Soprano Renée Fleming sang everything from Bjōrk to Puccini, while the orchestra’s associate conductor, Pablo Rus Broseta, acquitted himself admirably in Seattle Symphony’s opening-night concert.
There is nothing like a grade-A, platinum-quality diva to launch an orchestra’s concert season in high style. Seattle Symphony audiences were treated to just such a launch on Saturday evening, when soprano star Renée Fleming arrived in Benaroya Hall for a opening-night concert that even had the listeners singing along (at her invitation).
This opening night was different from the usual format in several respects. First of all, the music director, Ludovic Morlot, was missing in action, having sustained a leg injury that kept him off the podium. His replacement, the orchestra’s associate conductor Pablo Rus Broseta, acquitted himself admirably in a complicated program full of bits and pieces, and one that involved the sensitive task of partnering a famous diva who might have strong ideas of her own about how the music should go. Fortunately, everyone seemed to be on the same page; the partnership worked remarkably well.
Also different: the orchestra members’ attire, with the women players wearing beautiful gowns in every color instead of the usual variations on black; the stage looked festive and dressy. Opening the program was an unannounced substitute for the usual standard version of the “Star-Spangled Banner,” in a John Williams arrangement that sneaked up on an unsuspecting audience when the “Oh say, can you see” theme emerged and the listeners straggled to their feet to sing along.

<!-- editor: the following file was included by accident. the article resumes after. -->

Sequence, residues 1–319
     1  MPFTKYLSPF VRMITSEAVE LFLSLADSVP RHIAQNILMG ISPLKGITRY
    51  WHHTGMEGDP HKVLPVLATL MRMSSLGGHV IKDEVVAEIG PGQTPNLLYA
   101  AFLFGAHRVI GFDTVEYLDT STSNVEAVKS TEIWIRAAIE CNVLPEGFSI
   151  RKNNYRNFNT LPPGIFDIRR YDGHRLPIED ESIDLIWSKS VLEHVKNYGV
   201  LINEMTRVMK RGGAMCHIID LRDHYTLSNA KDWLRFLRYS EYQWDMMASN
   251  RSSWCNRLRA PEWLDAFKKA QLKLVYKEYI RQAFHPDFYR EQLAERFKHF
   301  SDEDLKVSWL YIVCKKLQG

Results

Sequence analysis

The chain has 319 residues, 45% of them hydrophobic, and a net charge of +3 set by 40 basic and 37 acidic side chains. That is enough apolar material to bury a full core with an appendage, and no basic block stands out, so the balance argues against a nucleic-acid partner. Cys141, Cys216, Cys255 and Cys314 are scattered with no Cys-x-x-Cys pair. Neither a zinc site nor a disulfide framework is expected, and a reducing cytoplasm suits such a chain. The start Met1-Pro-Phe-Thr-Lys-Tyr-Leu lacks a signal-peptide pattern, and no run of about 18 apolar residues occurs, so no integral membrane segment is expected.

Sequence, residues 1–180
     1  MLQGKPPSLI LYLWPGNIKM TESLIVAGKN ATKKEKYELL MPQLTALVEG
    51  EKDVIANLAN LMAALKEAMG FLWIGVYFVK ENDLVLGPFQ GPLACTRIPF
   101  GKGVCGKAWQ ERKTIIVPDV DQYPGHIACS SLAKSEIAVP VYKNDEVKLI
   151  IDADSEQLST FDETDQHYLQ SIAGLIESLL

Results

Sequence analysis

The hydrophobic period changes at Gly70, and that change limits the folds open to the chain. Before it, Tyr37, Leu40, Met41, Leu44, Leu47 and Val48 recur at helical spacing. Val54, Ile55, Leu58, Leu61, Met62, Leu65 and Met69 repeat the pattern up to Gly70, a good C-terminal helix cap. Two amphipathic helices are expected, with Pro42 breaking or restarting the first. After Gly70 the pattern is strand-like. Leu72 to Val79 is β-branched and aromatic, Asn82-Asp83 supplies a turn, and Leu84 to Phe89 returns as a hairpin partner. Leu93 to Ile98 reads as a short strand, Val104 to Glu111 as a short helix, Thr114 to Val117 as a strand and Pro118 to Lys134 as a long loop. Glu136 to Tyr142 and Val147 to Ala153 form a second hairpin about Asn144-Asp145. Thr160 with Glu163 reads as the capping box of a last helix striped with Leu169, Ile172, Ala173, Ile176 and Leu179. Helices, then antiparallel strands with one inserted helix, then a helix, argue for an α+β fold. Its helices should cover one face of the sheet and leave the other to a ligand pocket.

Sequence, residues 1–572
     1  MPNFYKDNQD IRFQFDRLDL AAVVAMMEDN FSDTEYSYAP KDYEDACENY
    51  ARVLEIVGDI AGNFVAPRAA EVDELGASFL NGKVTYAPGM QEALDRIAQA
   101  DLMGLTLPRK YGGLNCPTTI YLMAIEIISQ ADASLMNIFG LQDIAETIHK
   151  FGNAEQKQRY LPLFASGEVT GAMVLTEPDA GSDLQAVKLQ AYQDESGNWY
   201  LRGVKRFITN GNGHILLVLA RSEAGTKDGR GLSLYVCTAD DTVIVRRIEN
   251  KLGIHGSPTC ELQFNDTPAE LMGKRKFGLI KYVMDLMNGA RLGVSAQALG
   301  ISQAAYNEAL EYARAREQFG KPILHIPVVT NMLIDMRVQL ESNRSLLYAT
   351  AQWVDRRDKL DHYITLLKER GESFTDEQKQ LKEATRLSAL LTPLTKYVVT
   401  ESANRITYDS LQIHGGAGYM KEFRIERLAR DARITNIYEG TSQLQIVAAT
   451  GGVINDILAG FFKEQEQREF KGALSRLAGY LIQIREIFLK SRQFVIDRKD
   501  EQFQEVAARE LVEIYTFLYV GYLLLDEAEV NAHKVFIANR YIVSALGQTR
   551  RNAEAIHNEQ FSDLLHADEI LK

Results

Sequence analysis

With Pablo Rus Broseta conducting, and Renée Fleming, soprano soloist; Benaroya Hall, Saturday evening.
Rus Broseta conducted two brief and energetic orchestral works to start each half of the program: Samuel Barber’s Overture to “The School for Scandal,” and Verdi’s Overture to “La Forza del Destino.” The rest of the program was devoted to selections with Fleming — an unusually generous number of songs with the soloist. She turned her warm soprano to the evocative lines of Barber’s “Knoxville: Summer of 1915,” in an expressive reading that showed signs of strain only in the ending phrase (“. . . but will not ever tell me who I am”).
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